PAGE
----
A lawsuit over the taxation of cryptocurrency staking rewards is still alive in spite of an uncashed IRS refund check sitting a drawer, according to the plaintiffs’ recent court filing. After responding to the government’s motion to dismiss, the taxpayers in Jarrett v. United States filed a motion on March 28 to amend their original complaint and further clarify they are seeking injunctive and declaratory relief. The taxpayers maintain they are entitled to a judicial resolution and protection against future challenges on the discrete and recurring question of the lawsuit—whether tokens created through staking represent taxable income at the time of creation.
Identifying gaps in U.S. tax policy specific to crypto staking rewards, a bipartisan group of Congress members has urged the IRS to provide clearer rules for taxpayers. Given the general lack of IRS guidance on cryptocurrency paired with increased enforcement efforts, a decision on the Jarrett case would provide taxpayers some much-needed guidance in this area. However, the government has signaled it is not interested in setting precedent through the refund suit. Without a definitive ruling on the case, it could remain largely unsettled how tokens created through staking activities are taxed.
Newly Created Reward Tokens Through Proof of Stake
Generally, a blockchain is a distributed and decentralized public database that exists across a network. Because the database relies on multiple participants and computer nodes, there must be agreement on the network’s current state. Consensus mechanisms, also referred to as consensus protocols or consensus algorithms, establish agreement for blockchain systems to operate and remain secure. For a transaction to be recognized, validators must append it to the blockchain through the consensus mechanism. In most protocols, crypto rewards in the blockchain’s native token incentivize validators to maintain the network. These are commonly referred to as block rewards or reward tokens.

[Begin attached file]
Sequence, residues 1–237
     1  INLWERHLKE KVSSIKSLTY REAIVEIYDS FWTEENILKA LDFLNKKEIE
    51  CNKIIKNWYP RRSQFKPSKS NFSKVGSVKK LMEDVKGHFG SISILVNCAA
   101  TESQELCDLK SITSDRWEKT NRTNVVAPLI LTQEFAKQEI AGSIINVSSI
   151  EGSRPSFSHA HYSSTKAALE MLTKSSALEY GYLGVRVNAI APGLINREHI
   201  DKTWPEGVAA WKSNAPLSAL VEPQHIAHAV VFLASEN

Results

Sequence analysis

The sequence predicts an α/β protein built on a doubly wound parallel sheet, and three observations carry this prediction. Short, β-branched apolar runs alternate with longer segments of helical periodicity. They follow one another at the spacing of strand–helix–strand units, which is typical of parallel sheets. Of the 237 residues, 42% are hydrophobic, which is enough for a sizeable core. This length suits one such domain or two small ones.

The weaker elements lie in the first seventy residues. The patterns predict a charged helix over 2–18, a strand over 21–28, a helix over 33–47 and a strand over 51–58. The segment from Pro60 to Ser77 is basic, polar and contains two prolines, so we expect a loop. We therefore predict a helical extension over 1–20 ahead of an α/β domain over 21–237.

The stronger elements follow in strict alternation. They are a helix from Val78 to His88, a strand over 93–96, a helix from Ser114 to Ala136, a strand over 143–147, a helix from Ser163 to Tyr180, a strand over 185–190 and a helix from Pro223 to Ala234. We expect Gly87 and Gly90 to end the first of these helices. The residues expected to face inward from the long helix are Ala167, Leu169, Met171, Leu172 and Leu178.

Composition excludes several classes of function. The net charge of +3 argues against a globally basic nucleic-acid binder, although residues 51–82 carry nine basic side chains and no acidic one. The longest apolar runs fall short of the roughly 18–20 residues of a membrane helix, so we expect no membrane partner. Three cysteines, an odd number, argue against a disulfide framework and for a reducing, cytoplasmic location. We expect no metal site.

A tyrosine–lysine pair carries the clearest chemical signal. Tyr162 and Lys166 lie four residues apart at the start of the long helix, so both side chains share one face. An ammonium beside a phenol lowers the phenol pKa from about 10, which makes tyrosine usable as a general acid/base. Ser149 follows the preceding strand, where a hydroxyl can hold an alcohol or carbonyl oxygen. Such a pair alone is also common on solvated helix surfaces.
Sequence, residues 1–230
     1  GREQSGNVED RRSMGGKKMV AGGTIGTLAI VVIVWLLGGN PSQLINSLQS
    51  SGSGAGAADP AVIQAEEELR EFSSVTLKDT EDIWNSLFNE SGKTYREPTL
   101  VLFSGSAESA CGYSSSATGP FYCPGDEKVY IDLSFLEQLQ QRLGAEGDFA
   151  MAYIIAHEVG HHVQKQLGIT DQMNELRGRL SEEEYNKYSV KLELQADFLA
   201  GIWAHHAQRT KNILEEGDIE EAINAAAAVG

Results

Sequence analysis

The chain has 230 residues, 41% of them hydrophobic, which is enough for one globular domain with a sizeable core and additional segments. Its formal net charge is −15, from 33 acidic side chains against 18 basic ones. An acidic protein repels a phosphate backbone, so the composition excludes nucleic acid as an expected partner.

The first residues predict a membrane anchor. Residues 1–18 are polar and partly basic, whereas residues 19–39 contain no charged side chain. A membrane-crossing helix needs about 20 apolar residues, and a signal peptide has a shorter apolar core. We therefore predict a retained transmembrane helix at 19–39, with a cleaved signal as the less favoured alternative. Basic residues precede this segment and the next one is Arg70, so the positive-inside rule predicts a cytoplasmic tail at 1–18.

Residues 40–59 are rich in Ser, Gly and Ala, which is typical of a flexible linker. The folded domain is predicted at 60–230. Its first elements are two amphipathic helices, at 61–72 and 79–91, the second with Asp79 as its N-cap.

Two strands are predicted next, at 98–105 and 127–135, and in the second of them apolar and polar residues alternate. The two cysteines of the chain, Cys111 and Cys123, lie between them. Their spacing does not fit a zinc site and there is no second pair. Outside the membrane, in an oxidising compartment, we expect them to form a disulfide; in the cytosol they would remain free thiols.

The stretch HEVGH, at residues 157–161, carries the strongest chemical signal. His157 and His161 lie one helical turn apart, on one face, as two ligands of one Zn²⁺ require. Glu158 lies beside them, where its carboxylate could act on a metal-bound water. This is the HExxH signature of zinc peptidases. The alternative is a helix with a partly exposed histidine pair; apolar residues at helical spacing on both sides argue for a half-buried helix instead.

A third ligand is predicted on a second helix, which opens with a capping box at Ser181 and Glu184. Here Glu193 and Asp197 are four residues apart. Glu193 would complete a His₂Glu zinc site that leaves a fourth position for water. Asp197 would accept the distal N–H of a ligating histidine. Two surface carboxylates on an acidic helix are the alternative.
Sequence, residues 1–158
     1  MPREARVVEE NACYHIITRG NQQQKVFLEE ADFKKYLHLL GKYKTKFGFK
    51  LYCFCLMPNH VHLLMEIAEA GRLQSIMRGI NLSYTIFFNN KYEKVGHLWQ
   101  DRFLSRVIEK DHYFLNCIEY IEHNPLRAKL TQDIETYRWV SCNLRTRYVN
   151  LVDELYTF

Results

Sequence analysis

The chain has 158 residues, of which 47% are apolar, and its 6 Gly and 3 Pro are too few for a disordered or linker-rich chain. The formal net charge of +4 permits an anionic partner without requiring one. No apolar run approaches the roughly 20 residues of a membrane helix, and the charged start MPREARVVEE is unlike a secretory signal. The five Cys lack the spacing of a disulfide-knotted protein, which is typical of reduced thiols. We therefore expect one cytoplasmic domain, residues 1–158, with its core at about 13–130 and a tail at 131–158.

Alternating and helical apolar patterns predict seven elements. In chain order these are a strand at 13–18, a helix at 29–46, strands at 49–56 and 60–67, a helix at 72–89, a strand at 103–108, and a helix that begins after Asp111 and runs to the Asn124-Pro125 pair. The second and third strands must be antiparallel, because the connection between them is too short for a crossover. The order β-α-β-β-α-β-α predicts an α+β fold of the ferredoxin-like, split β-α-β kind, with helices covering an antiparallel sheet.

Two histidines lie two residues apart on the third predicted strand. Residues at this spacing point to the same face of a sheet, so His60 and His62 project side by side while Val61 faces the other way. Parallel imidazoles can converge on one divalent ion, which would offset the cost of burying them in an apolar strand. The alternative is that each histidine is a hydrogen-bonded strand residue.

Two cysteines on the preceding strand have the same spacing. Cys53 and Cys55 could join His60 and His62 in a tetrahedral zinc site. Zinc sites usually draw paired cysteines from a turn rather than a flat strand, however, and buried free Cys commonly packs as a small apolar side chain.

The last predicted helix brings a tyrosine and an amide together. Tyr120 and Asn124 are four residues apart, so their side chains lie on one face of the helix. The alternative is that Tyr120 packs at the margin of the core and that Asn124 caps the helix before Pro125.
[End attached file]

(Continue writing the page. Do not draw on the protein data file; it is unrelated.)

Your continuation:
An increasingly popular class of blockchain consensus mechanisms is known as “proof of stake.” Under proof of stake, each new block of data is appended to the chain using an algorithm to select a node to broadcast its block to other nodes for verification. The likelihood of selection increases based on the quantity of holdings in the associated tokens, which guards against attacks on the blockchain’s integrity or other malicious behavior. As blocks are verified via staking, the validators often acquire reward tokens created in the course of the process as rewards.
The Tezos network is among the blockchains that incorporates a proof of stake consensus mechanism. Token holders maintain the Tezos blockchain through staking, which results in newly created tokens added to their existing holdings. Tokens earned through staking on the Tezos network increases the total number of Tezos tokens in existence, diluting the market value of the tokens.
Claim of Refund on Taxed Reward Tokens
In 2019, Joshua Jarrett validated transactions on the Tezos blockchain by staking his tokens, acquiring 8,876 newly created tokens as rewards. On the income tax return filed for that year, the Jarretts originally reported the creation of reward tokens as “other income” under line 8 of Schedule C. In July 2020, the couple filed an amended return for a tax refund on the position that the reward tokens created did not represent taxable income. The Jarretts received no response from the IRS on the refund claim.
In a complaint filed May 26, 2021, in the Central District of Tennessee, the Jarretts petitioned for the refund of federal income taxes on the Tezos tokens created via the proof-of-stake protocol. Citing well-established principles of income realization, the plaintiffs argued there should be no income event for tax purposes when tokens are first created through staking.